Exploratory Factor Analysis
KMO and Bartlett’s Test of Sphericity
Table 4.2: KMO and Bartlett’s Test of Sphericity
|Kaiser-Meyer-Olkin Measure of Sampling Adequacy.||.365|
|Bartlett’s Test of Sphericity||Approx. Chi-Square||766.751|
Indicating that the variables are unrelated and hence suitable for structure detection. Before conducting EFA, Bartlett’s Test of Sphericity was conducted. As a rule of thumb, this statistical test should yield a statistically significant χ2 value (p-value < .05) to justify the application of EFA (Watkins, 2018). A p-value < .05 shows that factor analysis is useful with one’s data. Since the study sample was large, making Bartlett’s Test of Sphericity sensitive to even trivial deviations from randomness, its results should be supplemented with a measure of sampling adequacy. Given this reality, the Kaiser-Meyer-Olkin (KMO; Kaiser, 1974) measure of sampling adequacy was conducted. Results of Bartlett’s test of sphericity (Bartlett, 1954) indicated that the correlation matrix was not random, χ2 (253) = 766.751, p < .067, and the KMO statistic (Kaiser, 1974) was .365 below the minimum standard for conducting factor analysis. Therefore, the data set was inappropriate for factor analysis and hence not suitable for structure detection.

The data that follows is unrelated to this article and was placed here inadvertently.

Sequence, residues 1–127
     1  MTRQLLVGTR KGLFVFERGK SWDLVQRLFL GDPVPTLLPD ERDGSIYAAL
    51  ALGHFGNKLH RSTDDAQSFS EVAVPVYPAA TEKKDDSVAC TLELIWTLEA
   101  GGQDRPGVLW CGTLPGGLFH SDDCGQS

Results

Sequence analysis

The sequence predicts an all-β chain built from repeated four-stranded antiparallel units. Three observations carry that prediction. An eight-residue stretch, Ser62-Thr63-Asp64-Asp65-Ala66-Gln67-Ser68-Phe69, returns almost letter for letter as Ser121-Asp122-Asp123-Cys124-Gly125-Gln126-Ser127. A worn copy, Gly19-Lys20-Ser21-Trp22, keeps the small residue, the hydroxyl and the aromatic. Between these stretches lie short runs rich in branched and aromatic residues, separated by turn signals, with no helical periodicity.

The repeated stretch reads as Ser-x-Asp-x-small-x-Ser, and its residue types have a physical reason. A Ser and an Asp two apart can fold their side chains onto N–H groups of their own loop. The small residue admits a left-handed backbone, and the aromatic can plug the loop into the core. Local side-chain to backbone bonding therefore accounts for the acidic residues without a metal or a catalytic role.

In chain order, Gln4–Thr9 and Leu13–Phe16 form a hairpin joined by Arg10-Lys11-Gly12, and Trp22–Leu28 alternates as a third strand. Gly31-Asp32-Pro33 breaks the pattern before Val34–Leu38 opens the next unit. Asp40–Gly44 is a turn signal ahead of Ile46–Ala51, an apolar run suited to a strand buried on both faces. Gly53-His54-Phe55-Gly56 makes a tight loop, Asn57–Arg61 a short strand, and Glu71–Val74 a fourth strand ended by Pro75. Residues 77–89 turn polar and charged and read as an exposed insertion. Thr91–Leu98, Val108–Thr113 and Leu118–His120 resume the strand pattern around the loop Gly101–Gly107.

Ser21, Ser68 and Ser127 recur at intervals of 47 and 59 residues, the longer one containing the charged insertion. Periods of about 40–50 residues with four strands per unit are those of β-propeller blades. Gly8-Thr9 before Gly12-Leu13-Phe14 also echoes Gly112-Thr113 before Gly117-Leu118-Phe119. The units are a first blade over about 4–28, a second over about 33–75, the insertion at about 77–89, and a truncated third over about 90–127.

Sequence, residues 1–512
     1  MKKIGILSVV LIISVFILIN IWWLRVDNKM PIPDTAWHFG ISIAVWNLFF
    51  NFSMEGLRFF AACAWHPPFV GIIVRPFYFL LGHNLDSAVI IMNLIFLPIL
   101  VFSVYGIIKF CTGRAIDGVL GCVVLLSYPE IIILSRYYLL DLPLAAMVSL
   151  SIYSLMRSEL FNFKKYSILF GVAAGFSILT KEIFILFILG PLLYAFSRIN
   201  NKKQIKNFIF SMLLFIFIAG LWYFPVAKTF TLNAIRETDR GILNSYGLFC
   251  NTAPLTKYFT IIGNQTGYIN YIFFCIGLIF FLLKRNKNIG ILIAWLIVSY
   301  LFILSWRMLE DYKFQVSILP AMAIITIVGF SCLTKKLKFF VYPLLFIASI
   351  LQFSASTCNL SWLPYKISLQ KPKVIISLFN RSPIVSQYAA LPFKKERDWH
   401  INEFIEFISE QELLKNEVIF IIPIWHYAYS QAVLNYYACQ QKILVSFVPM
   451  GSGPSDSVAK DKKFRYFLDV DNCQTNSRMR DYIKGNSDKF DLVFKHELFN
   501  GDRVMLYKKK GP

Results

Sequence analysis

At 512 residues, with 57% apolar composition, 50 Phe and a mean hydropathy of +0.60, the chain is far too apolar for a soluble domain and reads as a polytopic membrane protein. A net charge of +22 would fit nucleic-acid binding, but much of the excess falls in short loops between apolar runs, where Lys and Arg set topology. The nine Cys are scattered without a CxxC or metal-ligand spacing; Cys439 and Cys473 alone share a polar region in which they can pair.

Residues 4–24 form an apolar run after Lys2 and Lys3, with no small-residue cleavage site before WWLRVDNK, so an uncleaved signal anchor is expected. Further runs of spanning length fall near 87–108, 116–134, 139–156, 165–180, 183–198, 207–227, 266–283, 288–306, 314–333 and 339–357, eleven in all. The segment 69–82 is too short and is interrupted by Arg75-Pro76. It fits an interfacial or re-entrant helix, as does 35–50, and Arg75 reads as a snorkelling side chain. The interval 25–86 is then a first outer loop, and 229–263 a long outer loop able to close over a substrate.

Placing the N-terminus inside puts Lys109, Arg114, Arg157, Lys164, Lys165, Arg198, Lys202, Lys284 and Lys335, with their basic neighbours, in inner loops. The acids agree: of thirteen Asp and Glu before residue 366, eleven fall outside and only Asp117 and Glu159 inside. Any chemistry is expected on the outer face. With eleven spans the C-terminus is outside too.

4.4 Hypothesis Testing
H01: Supply chain configuration does not moderate the relationship between dynamic supply chain capabilities and resilience in the Retail Sector in Kenya. The overall model predicted that SCC had a negative moderating effect on the relationship between dynamic supply chain capabilities and resilience in the retail sector (β = -8.750, p = .0000).
H01a: The study established that SCC has a negative moderating effect on the relationship between SC agility capability and resilience in the retail sector (β = -.035, p = .0000).
H02b: The study established that SCC has a negative moderating effect on the relationship between SC analytic capability and resilience in the retail sector (β = -.110, p = .0000).
H01c: The study established that SCC has a significant positive moderating effect on the relationship between SC innovation capability and resilience in the retail sector (β = .004, p = .0000).
H01d: The study established that SCC has no moderating effect on the relationship between SC alignment capability and resilience in the retail sector (β = .000, p = .0000). These hypotheses disagree with Abdinnour (2019), who empirically established how supply chain architecture and product architecture decisions influence organizational competitiveness and resilience.
4.5 Model Summary
Table 4.3: Model Summary
|Model||R||R Square||Adjusted R Square||Std. Error of the Estimate|
R2, taken as a set, the predictors; X1: Agility capability, X2: Analytics capability, X3: Innovation capability, and X4 Alignment capability account for 87.8% of the variance of the criterion variable; resilience in the retail sector.